IN PHOTOS: Revisiting Cagayan de Oro’s dwindling forest cover

Rhadyz B. Barcia

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IN PHOTOS: Revisiting Cagayan de Oro’s dwindling forest cover
Here's a look back at the environmental degradation observed in the wake of Tropical Storm Sendong (Washi) in December 2011

MANILA, Philippines – Six years ago, a devastating tropical cyclone also hit Northern Mindanao in December, leaving more than 1,200 people dead, around 6,000 injured, and over 180 others missing.

Hardest hit by Tropical Storm Sendong (Washi) in December 2011 were the cities of Cagayan de Oro and Iligan.

Sendong dumped more than a month’s worth of average rainfall in just 12 hours back then, triggering deadly flash floods and landslides.

In the aftermath of the disaster, climate change experts such as lawyer Tony La Viña pointed out that there was a need to stop destructive activities like illegal logging, which have led to deforestation in Northern Mindanao and other regions. (READ: After Sendong, 10 things we must do)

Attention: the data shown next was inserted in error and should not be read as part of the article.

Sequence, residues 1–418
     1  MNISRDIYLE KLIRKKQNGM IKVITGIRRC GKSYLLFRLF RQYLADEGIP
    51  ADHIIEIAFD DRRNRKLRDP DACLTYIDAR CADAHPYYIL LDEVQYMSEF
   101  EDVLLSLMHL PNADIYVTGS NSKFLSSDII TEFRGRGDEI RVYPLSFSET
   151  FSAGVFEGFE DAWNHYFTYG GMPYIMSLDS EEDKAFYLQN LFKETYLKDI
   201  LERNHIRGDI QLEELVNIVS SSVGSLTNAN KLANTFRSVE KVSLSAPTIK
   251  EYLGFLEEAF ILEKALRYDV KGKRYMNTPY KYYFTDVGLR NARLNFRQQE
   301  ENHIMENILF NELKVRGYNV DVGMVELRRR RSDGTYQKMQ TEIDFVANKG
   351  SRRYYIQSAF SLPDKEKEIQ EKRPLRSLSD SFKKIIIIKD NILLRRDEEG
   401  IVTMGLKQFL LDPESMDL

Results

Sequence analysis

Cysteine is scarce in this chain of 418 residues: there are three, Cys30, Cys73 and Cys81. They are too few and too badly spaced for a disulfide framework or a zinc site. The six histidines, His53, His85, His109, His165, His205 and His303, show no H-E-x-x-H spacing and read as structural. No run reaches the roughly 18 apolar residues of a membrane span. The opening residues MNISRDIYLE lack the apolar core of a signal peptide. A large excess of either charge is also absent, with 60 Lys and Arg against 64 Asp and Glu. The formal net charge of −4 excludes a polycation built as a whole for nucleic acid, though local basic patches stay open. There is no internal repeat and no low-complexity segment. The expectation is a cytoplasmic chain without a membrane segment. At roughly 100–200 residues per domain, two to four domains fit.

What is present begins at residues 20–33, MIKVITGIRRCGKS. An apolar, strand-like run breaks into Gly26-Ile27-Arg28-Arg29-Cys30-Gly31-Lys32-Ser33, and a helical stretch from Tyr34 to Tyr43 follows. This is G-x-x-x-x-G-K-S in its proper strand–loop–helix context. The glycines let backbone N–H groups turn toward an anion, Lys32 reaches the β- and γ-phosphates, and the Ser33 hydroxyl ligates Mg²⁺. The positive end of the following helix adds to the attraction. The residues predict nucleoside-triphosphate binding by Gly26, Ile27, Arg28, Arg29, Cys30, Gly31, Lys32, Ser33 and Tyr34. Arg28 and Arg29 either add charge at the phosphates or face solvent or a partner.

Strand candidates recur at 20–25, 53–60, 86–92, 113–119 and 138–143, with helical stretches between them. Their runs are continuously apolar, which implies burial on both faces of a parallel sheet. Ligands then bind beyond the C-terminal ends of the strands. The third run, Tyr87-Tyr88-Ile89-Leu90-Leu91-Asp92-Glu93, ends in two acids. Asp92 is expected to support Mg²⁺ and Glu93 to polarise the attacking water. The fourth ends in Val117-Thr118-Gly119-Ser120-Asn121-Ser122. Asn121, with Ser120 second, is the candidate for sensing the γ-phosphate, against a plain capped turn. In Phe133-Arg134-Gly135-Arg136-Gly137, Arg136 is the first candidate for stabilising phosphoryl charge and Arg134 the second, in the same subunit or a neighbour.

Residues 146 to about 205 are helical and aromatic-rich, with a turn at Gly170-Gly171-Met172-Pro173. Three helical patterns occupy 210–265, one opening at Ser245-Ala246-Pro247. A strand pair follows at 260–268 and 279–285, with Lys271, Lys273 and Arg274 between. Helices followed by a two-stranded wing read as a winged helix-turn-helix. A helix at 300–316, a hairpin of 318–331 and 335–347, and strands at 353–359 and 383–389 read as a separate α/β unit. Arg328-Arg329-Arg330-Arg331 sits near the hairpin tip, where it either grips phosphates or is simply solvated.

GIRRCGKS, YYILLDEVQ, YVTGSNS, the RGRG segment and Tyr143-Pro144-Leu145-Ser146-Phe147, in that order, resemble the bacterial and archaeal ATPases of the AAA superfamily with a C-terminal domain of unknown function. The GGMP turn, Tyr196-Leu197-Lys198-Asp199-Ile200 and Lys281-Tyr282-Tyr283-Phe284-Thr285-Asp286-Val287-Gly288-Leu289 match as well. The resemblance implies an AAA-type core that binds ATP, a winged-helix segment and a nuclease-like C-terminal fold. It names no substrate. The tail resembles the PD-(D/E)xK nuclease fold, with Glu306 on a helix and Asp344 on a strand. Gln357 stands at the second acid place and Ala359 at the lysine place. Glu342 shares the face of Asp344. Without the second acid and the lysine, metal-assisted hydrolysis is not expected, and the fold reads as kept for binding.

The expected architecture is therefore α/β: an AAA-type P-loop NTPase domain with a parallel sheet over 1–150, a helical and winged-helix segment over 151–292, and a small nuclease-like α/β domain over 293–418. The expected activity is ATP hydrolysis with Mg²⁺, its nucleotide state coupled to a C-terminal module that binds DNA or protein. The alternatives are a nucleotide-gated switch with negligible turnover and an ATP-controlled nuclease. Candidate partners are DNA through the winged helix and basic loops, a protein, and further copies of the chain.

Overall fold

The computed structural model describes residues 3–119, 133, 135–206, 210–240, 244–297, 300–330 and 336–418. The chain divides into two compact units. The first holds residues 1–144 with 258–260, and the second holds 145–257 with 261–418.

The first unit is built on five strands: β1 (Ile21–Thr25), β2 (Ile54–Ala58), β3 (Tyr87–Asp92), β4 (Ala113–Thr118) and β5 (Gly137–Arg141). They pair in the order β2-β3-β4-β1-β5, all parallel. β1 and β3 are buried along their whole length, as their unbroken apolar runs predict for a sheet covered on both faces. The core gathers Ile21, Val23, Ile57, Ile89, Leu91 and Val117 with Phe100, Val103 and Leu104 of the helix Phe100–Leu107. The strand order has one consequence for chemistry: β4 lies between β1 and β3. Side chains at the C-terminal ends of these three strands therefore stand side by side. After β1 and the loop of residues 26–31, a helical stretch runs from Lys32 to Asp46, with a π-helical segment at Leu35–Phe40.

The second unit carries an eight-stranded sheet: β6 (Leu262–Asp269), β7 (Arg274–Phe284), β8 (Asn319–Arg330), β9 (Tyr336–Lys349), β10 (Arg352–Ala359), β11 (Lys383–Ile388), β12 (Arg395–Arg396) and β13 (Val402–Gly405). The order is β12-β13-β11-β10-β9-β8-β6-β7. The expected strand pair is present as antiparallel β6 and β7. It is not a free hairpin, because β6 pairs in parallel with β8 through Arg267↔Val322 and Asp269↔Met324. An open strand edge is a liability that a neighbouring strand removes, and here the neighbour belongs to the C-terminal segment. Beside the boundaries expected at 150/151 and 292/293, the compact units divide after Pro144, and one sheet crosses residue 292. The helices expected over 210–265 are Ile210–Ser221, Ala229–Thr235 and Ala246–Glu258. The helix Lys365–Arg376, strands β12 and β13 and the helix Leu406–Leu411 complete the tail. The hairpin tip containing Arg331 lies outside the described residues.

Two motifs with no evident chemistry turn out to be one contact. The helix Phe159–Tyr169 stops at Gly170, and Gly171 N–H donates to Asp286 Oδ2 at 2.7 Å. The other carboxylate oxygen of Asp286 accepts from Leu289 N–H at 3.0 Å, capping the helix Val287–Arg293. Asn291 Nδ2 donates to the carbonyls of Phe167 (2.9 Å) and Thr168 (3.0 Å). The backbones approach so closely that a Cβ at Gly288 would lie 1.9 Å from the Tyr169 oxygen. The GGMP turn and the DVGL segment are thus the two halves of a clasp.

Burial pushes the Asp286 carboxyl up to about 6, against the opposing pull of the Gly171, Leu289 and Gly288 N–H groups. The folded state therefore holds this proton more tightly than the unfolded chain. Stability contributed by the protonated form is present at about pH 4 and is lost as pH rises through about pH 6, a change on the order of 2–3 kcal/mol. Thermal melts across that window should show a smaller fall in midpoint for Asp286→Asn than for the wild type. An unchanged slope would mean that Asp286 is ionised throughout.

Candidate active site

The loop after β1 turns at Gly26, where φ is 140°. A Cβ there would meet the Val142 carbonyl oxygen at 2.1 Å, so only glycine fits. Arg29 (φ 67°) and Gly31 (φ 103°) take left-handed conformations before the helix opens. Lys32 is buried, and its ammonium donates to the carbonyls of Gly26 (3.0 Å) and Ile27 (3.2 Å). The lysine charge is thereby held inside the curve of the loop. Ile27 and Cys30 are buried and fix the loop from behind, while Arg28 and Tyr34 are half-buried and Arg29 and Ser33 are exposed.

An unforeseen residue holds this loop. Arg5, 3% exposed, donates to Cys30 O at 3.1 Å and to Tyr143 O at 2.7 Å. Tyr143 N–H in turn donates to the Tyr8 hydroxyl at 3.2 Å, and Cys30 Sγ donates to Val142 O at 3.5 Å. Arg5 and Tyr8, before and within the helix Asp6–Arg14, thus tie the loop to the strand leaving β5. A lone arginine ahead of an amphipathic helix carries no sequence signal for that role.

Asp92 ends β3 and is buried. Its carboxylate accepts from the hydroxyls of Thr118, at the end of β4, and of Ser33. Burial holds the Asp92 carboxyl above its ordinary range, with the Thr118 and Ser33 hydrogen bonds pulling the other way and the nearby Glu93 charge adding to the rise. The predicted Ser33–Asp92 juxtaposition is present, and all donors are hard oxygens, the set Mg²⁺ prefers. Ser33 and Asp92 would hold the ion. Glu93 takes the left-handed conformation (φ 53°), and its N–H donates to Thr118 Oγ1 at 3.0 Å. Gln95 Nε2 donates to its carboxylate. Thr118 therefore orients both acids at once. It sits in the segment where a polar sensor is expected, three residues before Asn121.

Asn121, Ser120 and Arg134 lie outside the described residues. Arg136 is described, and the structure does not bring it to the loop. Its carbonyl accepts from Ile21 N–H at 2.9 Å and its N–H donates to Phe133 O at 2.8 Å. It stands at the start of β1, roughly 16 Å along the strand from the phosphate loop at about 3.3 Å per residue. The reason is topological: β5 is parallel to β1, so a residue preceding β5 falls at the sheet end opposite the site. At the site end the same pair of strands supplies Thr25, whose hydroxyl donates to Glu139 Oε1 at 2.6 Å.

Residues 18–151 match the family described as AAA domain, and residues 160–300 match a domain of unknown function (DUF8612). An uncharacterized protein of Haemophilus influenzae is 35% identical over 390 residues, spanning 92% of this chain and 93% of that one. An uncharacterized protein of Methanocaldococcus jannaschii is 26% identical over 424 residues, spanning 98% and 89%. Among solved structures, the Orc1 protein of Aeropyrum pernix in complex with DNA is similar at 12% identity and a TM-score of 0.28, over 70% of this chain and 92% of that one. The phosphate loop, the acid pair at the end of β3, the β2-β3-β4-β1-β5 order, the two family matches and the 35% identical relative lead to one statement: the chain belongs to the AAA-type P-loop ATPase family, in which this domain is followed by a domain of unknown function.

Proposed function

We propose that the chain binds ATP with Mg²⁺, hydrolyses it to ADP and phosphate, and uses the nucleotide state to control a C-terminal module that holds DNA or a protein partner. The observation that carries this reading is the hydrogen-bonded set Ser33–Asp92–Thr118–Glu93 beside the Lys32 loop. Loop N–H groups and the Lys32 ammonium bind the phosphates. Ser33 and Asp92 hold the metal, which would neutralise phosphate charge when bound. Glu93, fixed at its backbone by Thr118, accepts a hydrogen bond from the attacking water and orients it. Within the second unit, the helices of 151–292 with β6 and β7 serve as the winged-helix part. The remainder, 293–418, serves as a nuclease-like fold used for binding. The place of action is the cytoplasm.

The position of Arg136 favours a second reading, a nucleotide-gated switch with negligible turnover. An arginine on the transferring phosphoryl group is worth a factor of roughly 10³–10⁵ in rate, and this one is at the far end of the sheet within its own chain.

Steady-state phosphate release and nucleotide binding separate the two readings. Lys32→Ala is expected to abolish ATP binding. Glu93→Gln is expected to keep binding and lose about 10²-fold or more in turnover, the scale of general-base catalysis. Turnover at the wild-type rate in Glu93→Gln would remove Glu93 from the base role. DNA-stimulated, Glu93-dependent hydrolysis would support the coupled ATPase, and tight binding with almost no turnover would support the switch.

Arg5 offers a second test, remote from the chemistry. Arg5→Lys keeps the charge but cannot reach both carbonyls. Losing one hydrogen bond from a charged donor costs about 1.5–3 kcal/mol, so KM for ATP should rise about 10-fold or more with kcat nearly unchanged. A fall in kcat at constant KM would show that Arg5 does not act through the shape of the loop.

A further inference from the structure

This writer was able to document the thinning forests of Mindanao through Philippine Air Force (PAF) reconnaissance and humanitarian missions, together with a team from Albay organized by the local government.

We spotted not just landslides but also huge logs swept away by raging waters in Cagayan de Oro City and Iligan City, as shown in the photos below. The environmental degradation was evident, aggravating the situation in inundated areas.

Six years after Sendong battered Northern Mindanao, Severe Tropical Storm Vinta (Tembin) – which later intensified into a typhoon – brought torrential rain, heavy flooding, and landslides to the region and surrounding areas. The death toll has topped 200, with tens of thousands displaced. –

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